Tests are being carried out for the Ebola virus and isolation procedures have been put in place after the death of a man in his early 40s in Co Donegal.
It is understood that Dessie Quinn, from Doorin, outside Mountcharles, had been working in Sierra Leone and that a number of colleagues had contracted the virus there.
It is understood he had been living with his partner in Dublin but was visiting his family in Co Donegal when he was taken ill.
Fr Adrian Gavigan, of Mountcharles, said he had visited Mr Quinn, noting the dead man’s family presumed he had died as a result of malaria.
Mr Quinn was found dead on Wednesday night and taken to Letterkenny General Hospital, it is understood.
While the cause of death is unknown the HSE is carrying out tests to see whether it was due to exposure to Ebola.
The HSE said it was currently assessing a suspected case of Ebola virus disease (EVD) in Donegal.
“The public health department was made aware earlier today of the remains of an individual, discovered early this morning, who had recently travelled to the one of the areas in Africa affected by the current Ebola virus disease outbreak,” it said.
“The appropriate national guidelines, in line with international best practice, are being followed by the public health team dealing with the situation. This means that the body of the deceased has been isolated to minimise the potential spread of any possible virus.”
The statement said blood samples had been sent for laboratory testing to confirm whether or not this individual had contracted Ebola virus disease.
“Until a diagnosis is confirmed, and as a precautionary measure, the individual’s remains will stay in the mortuary pending the laboratory results”. The results are due today.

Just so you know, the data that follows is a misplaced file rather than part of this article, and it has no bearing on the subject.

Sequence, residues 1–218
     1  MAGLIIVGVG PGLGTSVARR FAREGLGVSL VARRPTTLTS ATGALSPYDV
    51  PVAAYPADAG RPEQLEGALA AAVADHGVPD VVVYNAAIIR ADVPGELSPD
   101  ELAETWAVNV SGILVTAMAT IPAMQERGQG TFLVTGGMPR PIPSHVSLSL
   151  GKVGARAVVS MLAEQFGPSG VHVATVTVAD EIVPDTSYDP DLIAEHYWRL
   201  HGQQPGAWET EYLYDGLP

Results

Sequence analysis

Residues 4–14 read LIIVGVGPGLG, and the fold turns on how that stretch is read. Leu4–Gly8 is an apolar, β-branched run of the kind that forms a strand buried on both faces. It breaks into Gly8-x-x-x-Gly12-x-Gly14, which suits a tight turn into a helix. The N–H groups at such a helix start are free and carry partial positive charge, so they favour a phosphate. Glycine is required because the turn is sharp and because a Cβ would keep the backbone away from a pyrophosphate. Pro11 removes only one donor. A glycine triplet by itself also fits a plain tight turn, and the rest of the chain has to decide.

The HSE said the risk of transmission of any disease was considered to be “extremely low”.
But as a precautionary measure, appropriate infection control procedures are being put in place in the community and at the mortuary pending the outcome of laboratory tests.
Dr Darina O’Flanagan, head of the HSE Health Protection Surveillance Centre, said: “In general, the risk of contracting Ebola virus disease is extremely low and would involve very close personal contact with the infected individual or their body fluids for there to be any risk at all.”
“We await the outcome of the laboratory tests before we will know whether or not this individual had contracted Ebola virus disease. The appropriate public health guidelines are being followed at every stage in this process as a precaution.”
The World Health Organization said yesterday that 2,473 people have been infected and 1,350 have died since the Ebola outbreak was identified in remote southeastern Guinea in March. Guinea, Sierra Leone, Liberia and Nigeria are the countries affected by the outbreak.
Ebola was recorded in Spain last week when a Spanish priest evacuated from Liberia died of the illness.
The disease has no proven cure and there is no vaccine. The rigorous use of quarantine is needed to prevent its spread, as well as high standards of hygiene for anyone who might come into contact with it.
The South African government said yesterday that due to fears over the spread of the Ebola virus it was banning travellers from Guinea, Liberia and Sierra Leone from entering the country, apart from its own citizens.
Travellers from Nigeria, where there is a much smaller outbreak, will be allowed entry.
South African citizens returning from the three highest risk countries will be permitted entry but will be subject to a stricter screening process, a government statement said.